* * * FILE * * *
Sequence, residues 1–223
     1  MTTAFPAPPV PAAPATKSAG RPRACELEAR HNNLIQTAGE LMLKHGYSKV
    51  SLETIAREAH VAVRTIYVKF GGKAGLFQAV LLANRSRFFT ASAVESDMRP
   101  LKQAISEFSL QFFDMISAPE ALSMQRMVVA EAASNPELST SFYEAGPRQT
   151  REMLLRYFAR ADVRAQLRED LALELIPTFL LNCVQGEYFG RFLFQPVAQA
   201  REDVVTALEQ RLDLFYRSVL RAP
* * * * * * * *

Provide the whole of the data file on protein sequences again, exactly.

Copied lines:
Sequence, residues 1–223
     1  MTTAFPAPPV PAAPATKSAG RPRACELEAR HNNLIQTAGE LMLKHGYSKV
    51  SLETIAREAH VAVRTIYVKF GGKAGLFQAV LLANRSRFFT ASAVESDMRP
   101  LKQAISEFSL QFFDMISAPE ALSMQRMVVA EAASNPELST SFYEAGPRQT
   151  REMLLRYFAR ADVRAQLRED LALELIPTFL LNCVQGEYFG RFLFQPVAQA
   201  REDVVTALEQ RLDLFYRSVL RAP